Washington D.C., Sept. 8, 2016 —The Securities and Exchange Commission today announced that two investment advisory firms are settling charges related to compliance failures within their wrap fee programs.
SEC investigations found that St. Petersburg, Fla.-based Raymond James & Associates and Milwaukee-based Robert W. Baird & Co. failed to establish policies and procedures necessary to determine the amount of commissions their clients were being charged when sub-advisers “traded away” with a broker-dealer outside the wrap fee programs. Without this information, the firms’ financial advisors were unable to provide the magnitude of these costs to clients and did not consider these commissions when determining whether the sub-advisers or the wrap fee programs were suitable for clients, leaving certain clients unaware they were paying additional costs beyond the single wrap fee they paid for bundled investment services.
Raymond James agreed to pay a $600,000 penalty to settle the charges and Baird agreed to pay a $250,000 penalty.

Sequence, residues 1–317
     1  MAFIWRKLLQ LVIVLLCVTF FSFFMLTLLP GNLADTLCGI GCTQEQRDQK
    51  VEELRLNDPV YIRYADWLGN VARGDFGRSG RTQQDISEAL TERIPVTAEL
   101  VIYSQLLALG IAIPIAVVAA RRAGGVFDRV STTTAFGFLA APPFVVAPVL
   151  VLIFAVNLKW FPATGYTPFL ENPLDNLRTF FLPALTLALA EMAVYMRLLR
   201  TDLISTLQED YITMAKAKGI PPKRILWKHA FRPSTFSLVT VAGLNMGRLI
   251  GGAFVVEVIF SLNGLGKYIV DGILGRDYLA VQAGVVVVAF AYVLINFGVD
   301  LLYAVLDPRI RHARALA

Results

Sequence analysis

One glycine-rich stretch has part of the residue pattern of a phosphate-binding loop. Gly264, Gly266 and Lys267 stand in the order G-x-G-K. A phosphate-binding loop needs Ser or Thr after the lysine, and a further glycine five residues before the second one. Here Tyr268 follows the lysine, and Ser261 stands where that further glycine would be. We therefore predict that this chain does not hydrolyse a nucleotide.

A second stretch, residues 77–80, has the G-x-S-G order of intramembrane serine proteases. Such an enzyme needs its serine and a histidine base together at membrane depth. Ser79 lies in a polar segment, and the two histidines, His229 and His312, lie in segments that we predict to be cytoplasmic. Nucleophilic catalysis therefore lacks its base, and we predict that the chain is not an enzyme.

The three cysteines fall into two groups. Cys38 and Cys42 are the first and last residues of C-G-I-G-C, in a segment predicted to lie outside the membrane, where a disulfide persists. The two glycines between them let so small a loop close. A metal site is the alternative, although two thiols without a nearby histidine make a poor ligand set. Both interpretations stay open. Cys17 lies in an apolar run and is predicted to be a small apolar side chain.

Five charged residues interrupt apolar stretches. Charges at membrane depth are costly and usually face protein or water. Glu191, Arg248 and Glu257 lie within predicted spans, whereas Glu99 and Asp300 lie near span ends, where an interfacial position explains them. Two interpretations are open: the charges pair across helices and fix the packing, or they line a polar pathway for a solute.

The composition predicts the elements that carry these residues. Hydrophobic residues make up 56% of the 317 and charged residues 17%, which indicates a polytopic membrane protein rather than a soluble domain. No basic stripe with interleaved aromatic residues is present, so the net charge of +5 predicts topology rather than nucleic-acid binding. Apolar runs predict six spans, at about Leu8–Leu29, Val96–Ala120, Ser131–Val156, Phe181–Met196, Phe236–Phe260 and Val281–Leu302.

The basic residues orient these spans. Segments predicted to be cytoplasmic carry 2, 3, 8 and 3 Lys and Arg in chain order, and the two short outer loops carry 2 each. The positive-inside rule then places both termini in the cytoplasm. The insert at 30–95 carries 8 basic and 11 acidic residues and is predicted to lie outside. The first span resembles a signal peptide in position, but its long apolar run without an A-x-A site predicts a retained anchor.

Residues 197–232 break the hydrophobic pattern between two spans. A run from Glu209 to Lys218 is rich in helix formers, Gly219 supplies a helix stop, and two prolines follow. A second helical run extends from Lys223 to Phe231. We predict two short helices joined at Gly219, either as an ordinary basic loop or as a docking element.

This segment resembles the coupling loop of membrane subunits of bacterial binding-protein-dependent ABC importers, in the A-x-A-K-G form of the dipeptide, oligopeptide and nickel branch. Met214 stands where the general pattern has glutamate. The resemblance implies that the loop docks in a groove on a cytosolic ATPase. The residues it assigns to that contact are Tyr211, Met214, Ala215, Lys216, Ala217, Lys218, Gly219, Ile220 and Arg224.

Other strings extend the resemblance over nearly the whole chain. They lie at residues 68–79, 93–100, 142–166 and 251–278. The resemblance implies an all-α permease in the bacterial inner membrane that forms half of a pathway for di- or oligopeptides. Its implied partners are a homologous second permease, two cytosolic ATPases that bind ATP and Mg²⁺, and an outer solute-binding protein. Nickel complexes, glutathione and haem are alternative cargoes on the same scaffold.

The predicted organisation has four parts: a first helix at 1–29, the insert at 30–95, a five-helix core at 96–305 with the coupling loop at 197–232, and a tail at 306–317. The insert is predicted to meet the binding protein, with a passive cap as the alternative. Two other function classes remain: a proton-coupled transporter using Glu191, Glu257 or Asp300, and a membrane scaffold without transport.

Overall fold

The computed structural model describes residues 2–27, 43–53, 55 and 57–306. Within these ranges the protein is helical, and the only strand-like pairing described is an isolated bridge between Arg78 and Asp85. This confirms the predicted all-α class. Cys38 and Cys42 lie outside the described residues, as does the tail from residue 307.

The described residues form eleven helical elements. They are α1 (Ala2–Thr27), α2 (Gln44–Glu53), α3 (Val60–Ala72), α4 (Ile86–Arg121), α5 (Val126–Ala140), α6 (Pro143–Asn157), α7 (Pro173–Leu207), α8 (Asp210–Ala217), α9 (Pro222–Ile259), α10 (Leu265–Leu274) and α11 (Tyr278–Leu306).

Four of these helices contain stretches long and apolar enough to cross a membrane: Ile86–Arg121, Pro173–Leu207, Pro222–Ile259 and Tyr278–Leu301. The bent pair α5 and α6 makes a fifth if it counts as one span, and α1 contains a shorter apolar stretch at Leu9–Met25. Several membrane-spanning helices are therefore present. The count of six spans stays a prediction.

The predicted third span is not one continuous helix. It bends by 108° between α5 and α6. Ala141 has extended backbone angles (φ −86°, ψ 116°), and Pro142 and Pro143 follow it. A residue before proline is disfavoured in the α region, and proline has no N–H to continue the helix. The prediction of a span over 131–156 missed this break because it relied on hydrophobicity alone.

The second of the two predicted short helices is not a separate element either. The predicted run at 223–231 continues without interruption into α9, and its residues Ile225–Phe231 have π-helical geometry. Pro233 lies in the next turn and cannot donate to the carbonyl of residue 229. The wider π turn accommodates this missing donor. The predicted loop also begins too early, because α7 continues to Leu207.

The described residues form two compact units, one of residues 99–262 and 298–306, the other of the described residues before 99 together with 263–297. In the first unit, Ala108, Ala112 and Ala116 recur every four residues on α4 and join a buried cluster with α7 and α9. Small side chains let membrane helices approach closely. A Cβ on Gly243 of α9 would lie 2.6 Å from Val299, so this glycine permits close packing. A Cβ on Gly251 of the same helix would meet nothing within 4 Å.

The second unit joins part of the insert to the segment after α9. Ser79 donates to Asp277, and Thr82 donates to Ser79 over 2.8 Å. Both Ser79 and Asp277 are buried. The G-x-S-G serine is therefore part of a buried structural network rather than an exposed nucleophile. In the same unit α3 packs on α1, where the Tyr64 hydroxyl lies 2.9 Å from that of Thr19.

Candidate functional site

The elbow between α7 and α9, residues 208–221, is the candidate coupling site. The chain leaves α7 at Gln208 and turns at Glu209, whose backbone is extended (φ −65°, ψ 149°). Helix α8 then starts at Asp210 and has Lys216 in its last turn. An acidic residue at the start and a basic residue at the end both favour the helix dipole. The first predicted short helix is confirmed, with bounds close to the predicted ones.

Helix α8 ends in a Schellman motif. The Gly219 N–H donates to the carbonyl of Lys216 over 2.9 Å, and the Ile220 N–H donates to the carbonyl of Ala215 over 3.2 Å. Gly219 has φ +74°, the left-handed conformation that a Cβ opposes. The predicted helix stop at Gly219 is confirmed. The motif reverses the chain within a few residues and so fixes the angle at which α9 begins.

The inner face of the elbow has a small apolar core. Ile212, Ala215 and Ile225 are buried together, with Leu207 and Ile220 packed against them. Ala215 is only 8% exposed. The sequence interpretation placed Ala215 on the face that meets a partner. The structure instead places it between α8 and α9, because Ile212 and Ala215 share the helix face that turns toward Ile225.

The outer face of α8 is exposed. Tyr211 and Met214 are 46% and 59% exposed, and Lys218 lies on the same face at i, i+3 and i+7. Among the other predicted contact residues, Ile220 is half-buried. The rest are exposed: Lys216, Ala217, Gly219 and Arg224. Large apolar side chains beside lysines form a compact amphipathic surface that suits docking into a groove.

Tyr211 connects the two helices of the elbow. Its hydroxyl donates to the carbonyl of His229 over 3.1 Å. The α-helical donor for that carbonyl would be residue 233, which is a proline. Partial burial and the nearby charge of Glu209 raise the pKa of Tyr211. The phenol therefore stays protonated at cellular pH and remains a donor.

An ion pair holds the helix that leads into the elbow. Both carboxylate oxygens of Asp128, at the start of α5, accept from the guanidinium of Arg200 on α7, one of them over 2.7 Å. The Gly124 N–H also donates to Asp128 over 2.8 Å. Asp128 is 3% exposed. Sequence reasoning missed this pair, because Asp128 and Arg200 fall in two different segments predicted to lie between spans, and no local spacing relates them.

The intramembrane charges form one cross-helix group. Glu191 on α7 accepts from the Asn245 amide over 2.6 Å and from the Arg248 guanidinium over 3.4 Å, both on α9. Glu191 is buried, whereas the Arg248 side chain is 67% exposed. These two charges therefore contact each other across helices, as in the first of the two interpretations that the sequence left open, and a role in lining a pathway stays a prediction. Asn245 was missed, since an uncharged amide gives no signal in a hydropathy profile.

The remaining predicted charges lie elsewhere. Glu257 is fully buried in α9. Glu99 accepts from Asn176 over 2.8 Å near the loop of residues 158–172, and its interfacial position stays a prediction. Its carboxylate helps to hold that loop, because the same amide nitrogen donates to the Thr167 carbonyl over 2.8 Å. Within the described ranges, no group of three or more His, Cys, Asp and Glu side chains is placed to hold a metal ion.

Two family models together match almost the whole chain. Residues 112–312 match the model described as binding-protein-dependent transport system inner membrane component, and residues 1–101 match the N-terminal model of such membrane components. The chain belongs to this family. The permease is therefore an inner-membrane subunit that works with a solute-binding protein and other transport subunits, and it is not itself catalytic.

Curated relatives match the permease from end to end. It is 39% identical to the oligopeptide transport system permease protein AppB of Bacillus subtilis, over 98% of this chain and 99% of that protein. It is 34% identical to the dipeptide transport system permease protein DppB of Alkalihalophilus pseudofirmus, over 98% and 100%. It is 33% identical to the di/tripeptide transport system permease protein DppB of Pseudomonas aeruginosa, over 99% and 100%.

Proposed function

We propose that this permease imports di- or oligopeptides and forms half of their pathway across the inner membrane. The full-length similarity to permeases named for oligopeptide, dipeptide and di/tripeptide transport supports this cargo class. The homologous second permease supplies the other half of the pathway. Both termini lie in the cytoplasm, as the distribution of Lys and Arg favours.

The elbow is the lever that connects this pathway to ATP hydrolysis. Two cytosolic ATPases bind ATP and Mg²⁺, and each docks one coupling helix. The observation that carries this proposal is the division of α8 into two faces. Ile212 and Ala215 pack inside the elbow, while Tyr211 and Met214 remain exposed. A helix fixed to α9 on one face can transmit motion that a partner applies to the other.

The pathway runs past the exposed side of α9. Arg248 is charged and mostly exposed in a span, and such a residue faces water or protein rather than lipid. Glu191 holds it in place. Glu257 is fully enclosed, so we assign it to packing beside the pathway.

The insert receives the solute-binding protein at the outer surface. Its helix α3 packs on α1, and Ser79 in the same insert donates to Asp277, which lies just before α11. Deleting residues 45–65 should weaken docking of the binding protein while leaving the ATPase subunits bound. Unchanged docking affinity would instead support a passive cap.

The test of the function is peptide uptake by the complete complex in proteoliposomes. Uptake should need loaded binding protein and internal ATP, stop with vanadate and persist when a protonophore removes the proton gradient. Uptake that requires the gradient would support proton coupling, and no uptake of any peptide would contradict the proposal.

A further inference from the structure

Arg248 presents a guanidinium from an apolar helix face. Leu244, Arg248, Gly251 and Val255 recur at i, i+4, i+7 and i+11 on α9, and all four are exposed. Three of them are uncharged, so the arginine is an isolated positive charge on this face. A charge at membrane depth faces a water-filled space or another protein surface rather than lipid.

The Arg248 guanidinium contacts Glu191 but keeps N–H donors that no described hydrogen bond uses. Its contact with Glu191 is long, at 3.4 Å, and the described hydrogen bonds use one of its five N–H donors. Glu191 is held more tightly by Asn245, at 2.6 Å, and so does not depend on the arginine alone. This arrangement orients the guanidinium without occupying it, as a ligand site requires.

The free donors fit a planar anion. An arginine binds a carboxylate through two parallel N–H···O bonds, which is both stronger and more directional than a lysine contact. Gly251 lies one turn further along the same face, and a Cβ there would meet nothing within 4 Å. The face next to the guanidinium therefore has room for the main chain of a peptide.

“Costs are a critical factor when firms determine whether a particular investment product or strategy is suitable for a client. Baird and Raymond James lacked policies and procedures to consider an entire category of cost information and didn’t fully evaluate whether these wrap fee programs were a good fit for their clients,” said Andrew J. Ceresney, Director of the SEC’s Division of Enforcement.
Without admitting or denying the charges, Baird and Raymond James consented to SEC’s orders finding that they violated Section 206(4) of the Investment Advisers Act of 1940 and Rule 206(4)-7.
The SEC’s National Exam Program has included wrap fee programs among its annual examination priorities, particularly assessing whether advisers are fulfilling fiduciary and contractual obligations to clients and properly managing such aspects as disclosures, conflicts of interest, best execution, and trading away from the sponsor broker-dealer.
The SEC’s investigation of Baird was conducted by Marlene B. Key-Patterson and Jedediah B. Forkner of the Chicago Regional Office and supervised by Anne C. McKinley. The examination that led to the investigation was conducted by Nicole N. Glim, Kiley Hamilton, Matthew D. Harris, and Maureen S. Dempsey of the Chicago office.
The SEC’s investigation of Raymond James was conducted by Salvatore Massa, Dan Pines, and Rajendra Pisupati of the Asset Management Unit, and supervised by Jessica M. Weissman. The examination that led to the investigation was conducted by Jose Molina, B. Martin Vasquez, Roda Johnson, Jean Cabot, and John Mattimore of the Miami Regional Office.